March 9, 2009
I took the family for lunch at Chili’s after church on Sunday. I had a coupon for a free meal as part of a promotion I enrolled in through BzzAgent.
I joined BzzAgent last year at the recommendation of a friend who suggested joining as a way to get advanced copies on new marketing books. This led to a preview of Seth Godin’s latest title but more interestingly, to a bunch of other marketing programs.
You see BzzAgent is kind of a premier word of mouth marketing (WOMM) agency. You and I all understand and probably practice WOMM every day. The difference is that BzzAgent actually encourages it –even facilitates it with coupons and samples — and then documents the efforts for their clients.
WOMM is amazingly powerful so much so that studies are beginning to emerge (alongside agencies) documenting the effect. The authors of Middle Class Millionaire: The Rise of The New Rich and How They are Changing America noted that their research showed so-called Middle-Class Millionaires (those with assets of $2-10mill) were much more likely than non-millionaires and those with assets of $25mill plus to actively give recommendations about products and services to their friends and associates.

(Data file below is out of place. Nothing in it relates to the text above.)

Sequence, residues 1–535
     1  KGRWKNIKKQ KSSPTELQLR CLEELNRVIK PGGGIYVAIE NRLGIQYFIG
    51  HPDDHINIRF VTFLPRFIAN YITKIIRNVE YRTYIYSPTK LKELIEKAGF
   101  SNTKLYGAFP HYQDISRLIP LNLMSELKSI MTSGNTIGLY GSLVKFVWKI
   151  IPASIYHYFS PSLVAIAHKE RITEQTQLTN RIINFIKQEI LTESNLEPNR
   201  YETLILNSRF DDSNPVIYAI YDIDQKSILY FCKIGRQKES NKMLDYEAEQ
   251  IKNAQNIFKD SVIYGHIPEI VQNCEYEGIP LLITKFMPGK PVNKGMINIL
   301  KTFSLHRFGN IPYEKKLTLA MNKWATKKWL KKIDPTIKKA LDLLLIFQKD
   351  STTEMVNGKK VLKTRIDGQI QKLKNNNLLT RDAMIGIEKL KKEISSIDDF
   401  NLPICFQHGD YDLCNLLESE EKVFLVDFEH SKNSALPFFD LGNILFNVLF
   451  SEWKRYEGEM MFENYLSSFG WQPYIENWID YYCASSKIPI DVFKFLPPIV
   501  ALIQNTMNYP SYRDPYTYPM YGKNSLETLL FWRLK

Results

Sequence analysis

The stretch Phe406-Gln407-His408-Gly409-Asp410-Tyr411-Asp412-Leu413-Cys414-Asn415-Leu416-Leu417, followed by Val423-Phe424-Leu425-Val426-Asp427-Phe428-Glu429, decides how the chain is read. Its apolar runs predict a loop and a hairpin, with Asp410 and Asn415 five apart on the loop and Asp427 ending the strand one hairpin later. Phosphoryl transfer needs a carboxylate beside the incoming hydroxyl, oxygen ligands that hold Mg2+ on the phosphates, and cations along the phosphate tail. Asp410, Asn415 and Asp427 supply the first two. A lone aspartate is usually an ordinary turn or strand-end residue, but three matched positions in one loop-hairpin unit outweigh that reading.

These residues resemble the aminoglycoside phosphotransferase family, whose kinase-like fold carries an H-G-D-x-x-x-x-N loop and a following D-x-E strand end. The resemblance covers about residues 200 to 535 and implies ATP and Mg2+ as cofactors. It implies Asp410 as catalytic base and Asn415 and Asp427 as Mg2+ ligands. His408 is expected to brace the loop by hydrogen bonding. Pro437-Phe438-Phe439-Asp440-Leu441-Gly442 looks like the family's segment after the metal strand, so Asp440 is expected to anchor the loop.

Why not the upper end of the spectrum? When those folks find something really good, they hold onto it and keep it a secret less they lose their edge. Why not the non-millionaires? Those folks are less likely to look to their friends for advice, instead opting to do their own research on the web or via Consumer Reports.
The book goes on to 250+ more pages of scenarios but the results of this one point are amazing for businesses who get their business on referral. Essentially what they have documented is the key to growing a great many businesses whose best prospect falls into this demographic (which is packed with entrepreneurs, professionals and small business owners). If you’re currently serving this space, thing about how WOMM might benefit your business.
May 22, 2007
Shortly after I left Microsoft a few alumni friends introduced me to LinkedIn. I didn’t really understand it to begin with and have to admit that I have not taken full advantage of the opportunities that it presents. But over time as I periodically receive invitations from people I know (and some that I don’t), I’ve become more intrigued with the opportunities inside. I see how LinkedIn is going to play an important part in not only referral marketing (can you connect me with…?) but also in establishing credibility (wow, look at all the people you know).
LinkedIn has also secured a position for itself in the new social media newsroom. I think that is a great thing. Unfortunately it appears to be opening the doors to spam. Check out the pitch that Todd Defren recently received from Malibu Rum.
I share this with you as example number 1 of how PR Pros Should NOT use social media tools to engage bloggers.
April 24, 2007
On the recommendation of a colleague, I read Gitomer’s Little Red Book. Filled with interesting ideas. Some of them are pretty good but I’m not an over the top enthusiast. As a matter of fact, it wasn’t until I read the book that I realized I’d been seeing Gitomer’s column in the Business Chronicle each week. I didn’t much care for the column so the connection had been missed. Until this week when I found that Gitomer and I share a common bond: When you ask for a Coke it is not okay to bring me a Pepsi.